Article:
Search Results

Keywords: Individuals

Historical Items

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Item 15881

John Lovett

Contributed by: Bucksport Historical Society Date: circa 1900 Location: Bucksport Media: Photographic print

Item 21189

Calais Street Railway Car #2, Calais

Contributed by: St. Croix Historical Society Date: circa 1900 Location: Calais Media: Photographic print

Item 102883

Class of 1910, Lincoln Academy, Newcastle, 1910

Contributed by: An individual through Lincoln Academy Date: 1910 Location: Newcastle Media: Photographic print

Tax Records

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Item 55461

945-953 Forest Avenue, Portland, 1924

Owner in 1924: Estate of William P. Goss Use: Dwelling - Single family

Item 55470

Assessor's Record, 945-953 Forest Avenue, Portland, 1924

Owner in 1924: Estate of William P. Goss Use: Auto Repair Shop

Architecture & Landscape

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Item 110460

Garland Farm, ca. 1955-1990

Contributed by: Maine Historical Society Date: 1955–1990 Client: Lewis Garland, Architect: Landscape Design Associates

Item 111982

Winthrop Library, Winthrop, 1916

Contributed by: Maine Historical Society Date: 1916 Location: Winthrop Client: unknown Architect: John Calvin Stevens and John Howard Stevens Architects

Online Exhibits

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Exhibit

Doing Good: Medical Stories of Maine

Throughout Maine’s history, individuals have worked to improve and expand medical care, not only for the health of those living in Maine, but for many around the world who need care and help.

Exhibit

World War I and the Maine Experience

With a long history of patriotism and service, Maine experienced the war in a truly distinct way. Its individual experiences tell the story of not only what it means to be an American, but what it means to be from Maine during the war to end all wars.

Exhibit

War Through the Eyes of a Young Sailor

Eager to deal with the "Sesech" [Secessionists], young deepwater sailor John Monroe Dillingham of Freeport enlisted in the U.S. Navy as soon as he returned from a long voyage in 1862. His letters and those of his family offer first-hand insight into how one individual viewed the war.

Site Pages

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Site Page

Maine and the Civil War - Individuals: Stories, Letters, Diaries

Individuals: Stories, Letters, Diaries

Site Page

Historic Hallowell - Hallowell's Volunteer Fireman's Budget

Webber, Sr., an individual partner The Hallowell's Fire Department's budget, volunteer program, and daily functioning have changed over the years.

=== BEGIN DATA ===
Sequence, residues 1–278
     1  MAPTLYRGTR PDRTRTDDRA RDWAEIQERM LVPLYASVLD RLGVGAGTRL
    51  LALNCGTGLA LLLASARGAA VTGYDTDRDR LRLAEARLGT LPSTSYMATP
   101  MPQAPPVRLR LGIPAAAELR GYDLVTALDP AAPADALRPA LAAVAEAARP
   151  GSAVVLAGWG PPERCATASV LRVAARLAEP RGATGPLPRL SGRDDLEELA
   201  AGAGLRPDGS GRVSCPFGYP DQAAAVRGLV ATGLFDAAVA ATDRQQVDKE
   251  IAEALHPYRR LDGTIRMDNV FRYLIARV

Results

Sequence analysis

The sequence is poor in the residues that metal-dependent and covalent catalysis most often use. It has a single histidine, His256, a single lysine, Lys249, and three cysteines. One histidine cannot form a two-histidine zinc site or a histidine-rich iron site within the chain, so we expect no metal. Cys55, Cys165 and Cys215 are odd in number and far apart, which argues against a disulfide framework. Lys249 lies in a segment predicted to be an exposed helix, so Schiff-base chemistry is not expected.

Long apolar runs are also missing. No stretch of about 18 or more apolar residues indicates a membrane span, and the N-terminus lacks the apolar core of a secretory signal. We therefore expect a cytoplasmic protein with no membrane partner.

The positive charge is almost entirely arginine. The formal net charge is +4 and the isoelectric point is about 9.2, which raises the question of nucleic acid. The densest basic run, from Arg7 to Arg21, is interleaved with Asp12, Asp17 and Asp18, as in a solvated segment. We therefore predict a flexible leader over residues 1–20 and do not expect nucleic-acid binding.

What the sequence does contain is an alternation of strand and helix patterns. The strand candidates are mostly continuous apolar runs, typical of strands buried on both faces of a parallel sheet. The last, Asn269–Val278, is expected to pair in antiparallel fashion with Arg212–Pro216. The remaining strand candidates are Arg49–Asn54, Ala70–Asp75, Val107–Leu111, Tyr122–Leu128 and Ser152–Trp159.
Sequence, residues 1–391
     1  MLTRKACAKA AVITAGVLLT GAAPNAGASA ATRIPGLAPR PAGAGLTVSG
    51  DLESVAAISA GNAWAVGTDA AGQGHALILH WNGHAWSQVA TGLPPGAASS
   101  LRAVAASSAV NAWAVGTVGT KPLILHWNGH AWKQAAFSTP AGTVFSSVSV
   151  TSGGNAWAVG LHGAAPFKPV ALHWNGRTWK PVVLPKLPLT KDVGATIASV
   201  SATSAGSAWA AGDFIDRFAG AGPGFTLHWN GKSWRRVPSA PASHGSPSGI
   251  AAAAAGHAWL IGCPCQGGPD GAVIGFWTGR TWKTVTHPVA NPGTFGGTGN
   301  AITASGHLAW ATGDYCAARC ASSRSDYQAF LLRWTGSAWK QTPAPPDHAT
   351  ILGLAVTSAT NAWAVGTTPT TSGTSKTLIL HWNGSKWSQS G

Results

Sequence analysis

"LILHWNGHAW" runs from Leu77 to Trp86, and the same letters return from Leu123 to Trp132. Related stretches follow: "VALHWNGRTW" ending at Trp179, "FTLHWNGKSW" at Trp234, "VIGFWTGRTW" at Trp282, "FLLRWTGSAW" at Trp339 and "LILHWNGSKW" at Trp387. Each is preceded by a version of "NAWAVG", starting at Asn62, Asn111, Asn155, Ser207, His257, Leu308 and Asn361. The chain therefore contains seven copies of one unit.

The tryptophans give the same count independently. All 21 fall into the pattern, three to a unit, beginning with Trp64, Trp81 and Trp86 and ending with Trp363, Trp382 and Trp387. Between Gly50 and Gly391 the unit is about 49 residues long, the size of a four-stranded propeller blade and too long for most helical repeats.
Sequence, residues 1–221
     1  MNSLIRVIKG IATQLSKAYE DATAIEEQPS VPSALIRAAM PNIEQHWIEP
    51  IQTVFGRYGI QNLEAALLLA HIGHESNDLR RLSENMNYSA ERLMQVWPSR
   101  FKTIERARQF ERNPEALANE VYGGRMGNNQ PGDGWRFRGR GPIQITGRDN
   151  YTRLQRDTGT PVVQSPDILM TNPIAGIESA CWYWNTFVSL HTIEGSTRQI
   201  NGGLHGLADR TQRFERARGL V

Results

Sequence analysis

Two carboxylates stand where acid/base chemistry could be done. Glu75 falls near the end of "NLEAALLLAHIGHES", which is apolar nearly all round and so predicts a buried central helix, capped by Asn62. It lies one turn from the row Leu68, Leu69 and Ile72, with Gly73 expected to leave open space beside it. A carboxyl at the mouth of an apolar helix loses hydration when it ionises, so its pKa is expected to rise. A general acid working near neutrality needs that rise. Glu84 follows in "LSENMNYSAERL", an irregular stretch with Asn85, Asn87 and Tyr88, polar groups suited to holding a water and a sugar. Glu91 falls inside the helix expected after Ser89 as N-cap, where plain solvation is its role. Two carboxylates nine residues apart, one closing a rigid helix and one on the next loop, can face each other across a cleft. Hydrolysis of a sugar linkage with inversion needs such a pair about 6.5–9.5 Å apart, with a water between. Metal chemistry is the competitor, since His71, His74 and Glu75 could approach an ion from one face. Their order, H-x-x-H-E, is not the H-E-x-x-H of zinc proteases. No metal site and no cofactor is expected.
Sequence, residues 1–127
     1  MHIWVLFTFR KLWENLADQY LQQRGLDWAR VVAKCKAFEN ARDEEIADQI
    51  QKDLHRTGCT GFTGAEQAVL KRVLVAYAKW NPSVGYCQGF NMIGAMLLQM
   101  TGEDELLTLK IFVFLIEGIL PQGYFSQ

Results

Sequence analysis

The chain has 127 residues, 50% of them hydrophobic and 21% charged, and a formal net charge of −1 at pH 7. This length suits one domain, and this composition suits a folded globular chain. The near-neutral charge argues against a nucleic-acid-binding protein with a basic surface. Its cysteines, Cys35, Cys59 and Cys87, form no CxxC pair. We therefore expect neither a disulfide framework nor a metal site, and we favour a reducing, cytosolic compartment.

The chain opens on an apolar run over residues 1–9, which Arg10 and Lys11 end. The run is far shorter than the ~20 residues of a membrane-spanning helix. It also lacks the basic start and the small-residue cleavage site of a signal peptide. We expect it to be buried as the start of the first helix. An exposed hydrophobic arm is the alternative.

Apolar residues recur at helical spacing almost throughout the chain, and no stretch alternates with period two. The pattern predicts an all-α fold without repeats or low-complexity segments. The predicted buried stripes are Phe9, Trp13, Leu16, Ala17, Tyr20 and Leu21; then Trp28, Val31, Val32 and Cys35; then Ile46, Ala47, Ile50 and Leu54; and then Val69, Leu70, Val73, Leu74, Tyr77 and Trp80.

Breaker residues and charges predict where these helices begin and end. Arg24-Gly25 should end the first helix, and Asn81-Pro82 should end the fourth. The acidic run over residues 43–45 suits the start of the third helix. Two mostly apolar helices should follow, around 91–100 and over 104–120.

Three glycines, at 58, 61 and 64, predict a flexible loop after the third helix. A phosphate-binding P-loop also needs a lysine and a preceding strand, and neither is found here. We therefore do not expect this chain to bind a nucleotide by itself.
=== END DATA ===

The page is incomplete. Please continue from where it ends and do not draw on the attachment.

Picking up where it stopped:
Site Page

Historic Hallowell - The Boston Flint Company

Webber, Sr., an individual partner The Sandpaper Mill was built onto the other part of the Boston Flint Company in 1880.

My Maine Stories

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Story

What did I do during the Covid quarantine?
by Nasser Rohani from Baha'i Community

Individuals response to Covid and social distancing.

Story

Maine and the Atlantic World Slave Economy
by Seth Goldstein

How Maine's historic industries are tied to slavery

Story

Alex Mouzas: Passionate about sharing his Greek-American roots
by Biddeford Cultural & Heritage Center

A personal, in-depth look into the life and contributions of area Greek-Americans

Lesson Plans

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Lesson Plan

Longfellow Studies: The Birth of An American Hero in "Paul Revere's Ride"

Grade Level: 9-12 Content Area: English Language Arts, Social Studies
The period of American history just prior to the Civil War required a mythology that would celebrate the strength of the individual, while fostering a sense of Nationalism. Longfellow saw Nationalism as a driving force, particularly important during this period and set out in his poem, "Paul Revere's Ride" to arm the people with the necessary ideology to face the oncoming hardships. "Paul Revere's Ride" was perfectly suited for such an age and is responsible for embedding in the American consciousness a sense of the cultural identity that was born during this defining period in American History. It is Longfellow's interpretation and not the actual event that became what Dana Gioia terms "a timeless emblem of American courage and independence." Gioia credits the poem's perseverance to the ease of the poem's presentation and subject matter. "Paul Revere's Ride" takes a complicated historical incident embedded in the politics of Revolutionary America and retells it with narrative clarity, emotional power, and masterful pacing,"(2). Although there have been several movements to debunk "Paul Revere's Ride," due to its lack of historical accuracy, the poem has remained very much alive in our national consciousness. Warren Harding, president during the fashionable reign of debunk criticism, perhaps said it best when he remarked, "An iconoclastic American said there never was a ride by Paul Revere. Somebody made the ride, and stirred the minutemen in the colonies to fight the battle of Lexington, which was the beginning of independence in the new Republic of America. I love the story of Paul Revere, whether he rode or not" (Fischer 337). Thus, "despite every well-intentioned effort to correct it historically, Revere's story is for all practical purposes the one Longfellow created for him," (Calhoun 261). It was what Paul Revere's Ride came to symbolize that was important, not the actual details of the ride itself.